It is clear that many organizations are still grappling with the shift to remote and distributed work, with many leaders hoping that they can before long resume work in the way that it was before.
A little while ago on the Virtual Excellence Show I was delighted to speak with Terri Griffith, currently Keith Beedie Chair in Innovation and Entrepreneurship at Simon Fraser University’s Beedie School of Business, and a deep expert in how organizations accelerate performance as the nature of work changes.
In this brief video Terri gives great perspective on our shift to effective remote work, including the insights from applying her 5T framework.
‘Hidden workers’ – those unemployed or underemployed seeking work who are not visible because of companies’ hiring processes – are a massive lost opportunity to society as well as business.
I was recently interviewed on the Sunrise breakfast TV program on the next phase of video calling, which will shift to far more immersive technologies.
We’ve come a long way this year. Currently over 50% of Americans, close to 60% of Western Europeans, and 24% of the global population have been fully vaccinated against COVID. Every day around one in 200 people in the world receives a vaccination.
Of course this does not portend the end of COVID. This is underlined by recent data from Israel, where there are around 8000 cases daily, despite 78% of the population being double vaccinated.
Pandemic (from pan meaning ‘all’) is used to describe an epidemic that has spread across nations and sometimes the world. Endemic refers to diseases that may be widespread, but with relatively consistent numbers over extended periods.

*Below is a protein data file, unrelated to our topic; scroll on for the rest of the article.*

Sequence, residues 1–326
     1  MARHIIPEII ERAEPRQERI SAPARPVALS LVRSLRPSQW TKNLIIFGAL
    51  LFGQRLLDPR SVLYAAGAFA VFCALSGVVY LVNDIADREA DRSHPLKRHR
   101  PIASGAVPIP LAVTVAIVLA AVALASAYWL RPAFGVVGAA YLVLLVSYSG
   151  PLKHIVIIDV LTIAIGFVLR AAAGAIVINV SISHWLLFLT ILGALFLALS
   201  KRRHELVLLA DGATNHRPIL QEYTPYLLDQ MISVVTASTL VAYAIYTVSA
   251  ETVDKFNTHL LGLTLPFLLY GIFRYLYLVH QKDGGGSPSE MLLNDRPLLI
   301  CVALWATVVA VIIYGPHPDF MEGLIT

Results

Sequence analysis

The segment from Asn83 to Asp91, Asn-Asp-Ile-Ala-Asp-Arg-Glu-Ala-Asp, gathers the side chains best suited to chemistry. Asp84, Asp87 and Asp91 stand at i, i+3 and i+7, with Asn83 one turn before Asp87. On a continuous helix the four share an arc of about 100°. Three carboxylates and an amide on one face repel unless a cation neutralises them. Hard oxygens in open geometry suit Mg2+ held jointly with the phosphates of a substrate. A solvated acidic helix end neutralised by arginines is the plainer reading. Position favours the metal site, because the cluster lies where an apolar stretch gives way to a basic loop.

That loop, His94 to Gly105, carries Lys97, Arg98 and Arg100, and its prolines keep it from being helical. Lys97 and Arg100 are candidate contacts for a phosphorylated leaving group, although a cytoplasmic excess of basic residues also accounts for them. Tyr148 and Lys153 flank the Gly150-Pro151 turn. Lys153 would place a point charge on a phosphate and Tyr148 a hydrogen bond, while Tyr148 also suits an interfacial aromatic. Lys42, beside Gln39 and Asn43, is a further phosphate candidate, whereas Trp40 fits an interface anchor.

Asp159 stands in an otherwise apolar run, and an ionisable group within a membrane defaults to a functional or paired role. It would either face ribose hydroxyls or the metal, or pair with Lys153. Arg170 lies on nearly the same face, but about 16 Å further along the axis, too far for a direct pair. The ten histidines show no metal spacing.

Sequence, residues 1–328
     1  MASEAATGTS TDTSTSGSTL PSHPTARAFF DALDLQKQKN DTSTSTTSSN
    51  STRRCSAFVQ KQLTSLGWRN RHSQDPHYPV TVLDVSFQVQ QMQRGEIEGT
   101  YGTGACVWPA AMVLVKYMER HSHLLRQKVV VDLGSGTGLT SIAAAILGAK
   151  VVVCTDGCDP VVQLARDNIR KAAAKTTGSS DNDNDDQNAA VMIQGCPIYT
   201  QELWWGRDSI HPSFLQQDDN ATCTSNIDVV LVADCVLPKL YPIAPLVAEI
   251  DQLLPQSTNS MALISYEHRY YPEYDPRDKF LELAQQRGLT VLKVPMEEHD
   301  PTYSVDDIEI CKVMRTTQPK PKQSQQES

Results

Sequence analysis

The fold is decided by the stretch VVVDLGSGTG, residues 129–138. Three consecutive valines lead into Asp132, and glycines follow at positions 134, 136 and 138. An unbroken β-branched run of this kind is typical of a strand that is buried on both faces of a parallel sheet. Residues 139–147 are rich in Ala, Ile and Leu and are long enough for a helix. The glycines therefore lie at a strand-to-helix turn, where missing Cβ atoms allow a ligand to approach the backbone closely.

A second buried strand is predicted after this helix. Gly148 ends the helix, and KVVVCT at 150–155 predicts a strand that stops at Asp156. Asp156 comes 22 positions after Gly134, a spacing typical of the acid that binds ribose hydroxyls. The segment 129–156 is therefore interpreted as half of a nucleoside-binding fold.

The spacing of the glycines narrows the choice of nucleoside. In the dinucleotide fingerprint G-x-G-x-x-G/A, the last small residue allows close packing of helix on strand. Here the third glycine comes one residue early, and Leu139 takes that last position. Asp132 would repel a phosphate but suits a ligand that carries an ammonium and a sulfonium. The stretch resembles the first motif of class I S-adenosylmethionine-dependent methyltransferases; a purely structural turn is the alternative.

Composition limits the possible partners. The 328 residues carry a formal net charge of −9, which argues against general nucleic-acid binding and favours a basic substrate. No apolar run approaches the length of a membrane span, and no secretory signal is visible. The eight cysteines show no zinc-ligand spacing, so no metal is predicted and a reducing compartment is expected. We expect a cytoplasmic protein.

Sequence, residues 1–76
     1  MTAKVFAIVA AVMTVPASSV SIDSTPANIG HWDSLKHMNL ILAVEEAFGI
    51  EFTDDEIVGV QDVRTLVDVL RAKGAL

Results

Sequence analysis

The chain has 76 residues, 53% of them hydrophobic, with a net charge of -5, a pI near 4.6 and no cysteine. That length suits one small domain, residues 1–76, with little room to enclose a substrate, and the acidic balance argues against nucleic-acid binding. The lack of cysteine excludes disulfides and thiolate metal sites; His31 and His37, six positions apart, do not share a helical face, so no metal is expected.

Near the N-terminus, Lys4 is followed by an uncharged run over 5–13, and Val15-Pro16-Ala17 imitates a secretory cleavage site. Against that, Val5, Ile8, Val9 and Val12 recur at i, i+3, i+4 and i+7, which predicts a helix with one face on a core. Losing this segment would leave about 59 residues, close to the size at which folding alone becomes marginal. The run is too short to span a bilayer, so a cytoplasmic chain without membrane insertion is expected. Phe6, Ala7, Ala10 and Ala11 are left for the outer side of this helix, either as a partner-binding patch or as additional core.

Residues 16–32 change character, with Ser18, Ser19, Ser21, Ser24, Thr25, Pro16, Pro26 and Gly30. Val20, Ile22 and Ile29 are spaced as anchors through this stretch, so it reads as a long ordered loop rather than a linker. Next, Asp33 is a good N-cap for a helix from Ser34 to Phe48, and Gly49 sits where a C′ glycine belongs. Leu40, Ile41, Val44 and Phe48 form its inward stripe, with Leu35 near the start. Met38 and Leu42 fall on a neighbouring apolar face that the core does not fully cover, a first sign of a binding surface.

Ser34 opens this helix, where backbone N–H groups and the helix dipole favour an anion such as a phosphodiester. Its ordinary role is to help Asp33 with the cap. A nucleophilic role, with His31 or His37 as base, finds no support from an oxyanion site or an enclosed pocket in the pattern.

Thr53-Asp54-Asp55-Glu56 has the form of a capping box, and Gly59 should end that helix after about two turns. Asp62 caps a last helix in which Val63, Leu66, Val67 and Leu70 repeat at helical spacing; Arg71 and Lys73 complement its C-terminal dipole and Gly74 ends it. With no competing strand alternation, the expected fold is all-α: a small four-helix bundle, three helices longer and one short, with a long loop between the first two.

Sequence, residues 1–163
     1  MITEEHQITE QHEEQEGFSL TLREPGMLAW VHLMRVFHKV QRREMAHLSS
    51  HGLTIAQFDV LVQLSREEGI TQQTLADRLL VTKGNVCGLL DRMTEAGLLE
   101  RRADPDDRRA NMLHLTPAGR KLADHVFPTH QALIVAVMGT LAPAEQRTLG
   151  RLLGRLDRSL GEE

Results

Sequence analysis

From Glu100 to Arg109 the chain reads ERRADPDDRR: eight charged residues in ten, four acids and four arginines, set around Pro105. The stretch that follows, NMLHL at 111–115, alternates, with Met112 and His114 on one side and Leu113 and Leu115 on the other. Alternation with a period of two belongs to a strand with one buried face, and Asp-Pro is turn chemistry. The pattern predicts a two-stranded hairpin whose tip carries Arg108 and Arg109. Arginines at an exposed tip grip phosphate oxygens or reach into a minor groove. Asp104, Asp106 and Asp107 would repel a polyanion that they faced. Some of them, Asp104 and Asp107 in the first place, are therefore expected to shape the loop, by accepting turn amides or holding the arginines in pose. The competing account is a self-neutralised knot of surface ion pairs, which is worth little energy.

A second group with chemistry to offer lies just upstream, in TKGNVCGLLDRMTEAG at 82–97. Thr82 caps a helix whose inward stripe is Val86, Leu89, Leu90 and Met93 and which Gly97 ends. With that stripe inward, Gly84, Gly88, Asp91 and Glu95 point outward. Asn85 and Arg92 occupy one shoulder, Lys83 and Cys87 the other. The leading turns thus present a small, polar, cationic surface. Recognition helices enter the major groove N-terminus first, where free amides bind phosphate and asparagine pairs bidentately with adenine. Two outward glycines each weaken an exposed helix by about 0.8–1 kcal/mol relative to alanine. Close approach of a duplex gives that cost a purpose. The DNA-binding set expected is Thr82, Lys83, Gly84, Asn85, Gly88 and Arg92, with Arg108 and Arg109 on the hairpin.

I recently was interviewed by Christina Gerakiteys for SingularityU Australia’s podcast series Inspire for Impact in a very enjoyable conversation. You can listen to the half hour episode here: Zen, Improvisation and Collaborative Value.
The premise of the podcast is asking for 5 points of inspiration for impact in my life. I chose to speak about:
My book Living Networks was dedicated to “all those wonderful people in the world who are bringing the networks to life with their energy and passion”.
It is of course now abundantly clear that networks are the underlying structure of business and society.
Seminal social networks (in their pre-digital sense) pioneer Ron Burt proposed the term ‘structural holes’ to refer to the connections between people that did not exist but could create value.